Navigating stairs with crutches can initially feel like a daunting task. You have just had surgery; you’ve figured out the seemingly impossible task of moving your leg into and out of the car; and now you are standing at the bottom of a flight of stairs so that you can settle into your apartment. You ask yourself, “Now what?” If you were admitted to the hospital for your surgery and you have stairs at home, it is likely that the physical therapist at the hospital practiced going up and down the stairs with you. Still, there is a lot of information to absorb and remembering the specifics can be a challenge. Here, I would like to teach you the standard way to navigate up and down stairs with crutches. Please note: there are variations to this technique that can be used depending on your surgery and home set up. Please consult your doctor.
Before discussing step-by-step how to navigate up and down stairs, let’s review some basic terminology. After surgery, you may be given what is termed “weight-bearing restrictions” from your doctor. The two most common weight-bearing restrictions given to individuals are non-weight-bearing (NWB) or weight-bearing as tolerated (WBAT). For non-weight-bearing, you are to avoid putting any weight through the surgical leg. That means your foot and toes should remain off of the ground at all times while you are standing or sitting. Alternatively, weight-bearing as tolerated means you are able to put weight through the surgical leg as you are able. Make sure you know what your weight-bearing restrictions are before leaving the hospital.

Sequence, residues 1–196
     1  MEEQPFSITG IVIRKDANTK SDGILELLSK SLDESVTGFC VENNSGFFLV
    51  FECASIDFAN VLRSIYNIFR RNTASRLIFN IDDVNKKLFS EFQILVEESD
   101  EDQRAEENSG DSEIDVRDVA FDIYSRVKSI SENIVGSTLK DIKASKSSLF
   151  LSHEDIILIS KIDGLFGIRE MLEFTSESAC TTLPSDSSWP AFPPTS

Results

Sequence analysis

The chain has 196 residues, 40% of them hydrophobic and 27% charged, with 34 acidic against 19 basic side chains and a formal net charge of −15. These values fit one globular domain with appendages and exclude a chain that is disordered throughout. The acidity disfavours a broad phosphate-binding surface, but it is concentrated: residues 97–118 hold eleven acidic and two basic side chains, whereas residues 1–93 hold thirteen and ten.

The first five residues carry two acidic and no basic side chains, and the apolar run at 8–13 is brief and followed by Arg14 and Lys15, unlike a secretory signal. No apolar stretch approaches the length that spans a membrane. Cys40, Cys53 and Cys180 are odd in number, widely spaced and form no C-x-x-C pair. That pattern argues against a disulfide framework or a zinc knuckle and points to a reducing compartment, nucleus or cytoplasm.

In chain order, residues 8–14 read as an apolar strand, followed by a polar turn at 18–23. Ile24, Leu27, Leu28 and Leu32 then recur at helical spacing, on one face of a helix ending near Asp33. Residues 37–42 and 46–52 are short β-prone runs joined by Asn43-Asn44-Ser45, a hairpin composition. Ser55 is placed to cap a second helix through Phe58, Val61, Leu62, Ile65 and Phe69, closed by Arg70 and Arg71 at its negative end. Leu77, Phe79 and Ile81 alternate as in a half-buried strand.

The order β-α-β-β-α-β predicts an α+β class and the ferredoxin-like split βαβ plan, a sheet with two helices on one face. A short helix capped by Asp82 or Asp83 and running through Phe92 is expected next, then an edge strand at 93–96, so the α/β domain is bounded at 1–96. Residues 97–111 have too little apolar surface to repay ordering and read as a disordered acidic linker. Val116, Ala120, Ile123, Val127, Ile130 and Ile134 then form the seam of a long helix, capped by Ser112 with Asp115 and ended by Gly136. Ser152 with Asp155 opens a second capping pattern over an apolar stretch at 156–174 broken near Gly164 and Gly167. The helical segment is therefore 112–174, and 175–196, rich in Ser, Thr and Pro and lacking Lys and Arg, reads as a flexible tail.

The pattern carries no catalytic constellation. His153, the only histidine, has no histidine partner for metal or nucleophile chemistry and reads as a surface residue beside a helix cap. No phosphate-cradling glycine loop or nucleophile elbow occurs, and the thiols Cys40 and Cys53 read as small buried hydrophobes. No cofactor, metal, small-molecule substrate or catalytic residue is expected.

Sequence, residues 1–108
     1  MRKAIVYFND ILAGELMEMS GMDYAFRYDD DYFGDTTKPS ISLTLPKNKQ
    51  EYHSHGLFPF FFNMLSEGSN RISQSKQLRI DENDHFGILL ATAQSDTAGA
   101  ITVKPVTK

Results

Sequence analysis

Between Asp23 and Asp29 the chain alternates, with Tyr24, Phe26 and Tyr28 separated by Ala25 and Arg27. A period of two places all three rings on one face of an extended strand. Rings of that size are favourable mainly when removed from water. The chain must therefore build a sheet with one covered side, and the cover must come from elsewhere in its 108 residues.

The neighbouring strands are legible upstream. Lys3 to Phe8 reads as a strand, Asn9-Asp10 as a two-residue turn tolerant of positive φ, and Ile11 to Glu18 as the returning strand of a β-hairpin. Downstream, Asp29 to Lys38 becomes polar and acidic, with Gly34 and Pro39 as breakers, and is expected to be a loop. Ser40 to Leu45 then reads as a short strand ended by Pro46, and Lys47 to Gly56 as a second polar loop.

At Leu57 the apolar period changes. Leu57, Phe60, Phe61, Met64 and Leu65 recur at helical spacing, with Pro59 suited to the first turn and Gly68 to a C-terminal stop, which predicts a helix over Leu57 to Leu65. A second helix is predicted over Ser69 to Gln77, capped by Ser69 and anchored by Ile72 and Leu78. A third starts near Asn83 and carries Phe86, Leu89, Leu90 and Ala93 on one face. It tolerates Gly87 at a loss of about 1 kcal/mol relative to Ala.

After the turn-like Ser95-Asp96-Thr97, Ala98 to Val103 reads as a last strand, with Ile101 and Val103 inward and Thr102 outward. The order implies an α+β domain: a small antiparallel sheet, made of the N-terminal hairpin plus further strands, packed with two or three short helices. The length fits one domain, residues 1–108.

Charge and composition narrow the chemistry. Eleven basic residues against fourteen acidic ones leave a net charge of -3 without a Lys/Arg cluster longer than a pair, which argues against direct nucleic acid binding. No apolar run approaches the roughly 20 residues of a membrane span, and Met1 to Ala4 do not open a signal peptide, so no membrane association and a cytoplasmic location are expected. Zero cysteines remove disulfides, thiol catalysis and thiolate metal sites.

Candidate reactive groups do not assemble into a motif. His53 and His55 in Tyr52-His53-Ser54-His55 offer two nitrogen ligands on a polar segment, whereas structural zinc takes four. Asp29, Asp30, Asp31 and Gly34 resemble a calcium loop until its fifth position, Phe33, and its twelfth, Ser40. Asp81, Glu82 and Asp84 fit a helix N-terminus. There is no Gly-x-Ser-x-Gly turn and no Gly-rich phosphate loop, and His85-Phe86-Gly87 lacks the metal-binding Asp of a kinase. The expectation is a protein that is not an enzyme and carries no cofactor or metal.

Let’s now review how to go up the stairs. Let’s first assume you have no handrails and your weight-bearing restriction is non-weight-bearing. Here is the step-by-step:
Now, we will review how to go down the stairs. Again, let’s assume you have no handrails and you are not allowed to put any weight through the surgical leg. Here is what you do:
This is the most basic way to navigate the stairs with crutches. There are variations to this technique. For example, if you do have handrails, you can hold onto one handrail and place both crutches under the other arm. Perform the same steps as previously listed. If you are having a hard time remembering the sequence there is a trick that you can use. “Up with the good and down with the bad” is a phrase that can be helpful. When navigating up the stairs, your “good” leg or non-surgical leg will move onto the step first. When navigating down the stairs, your crutches will move onto the step first.
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Blog Written By: Dr. Maria Brady, PT, DPT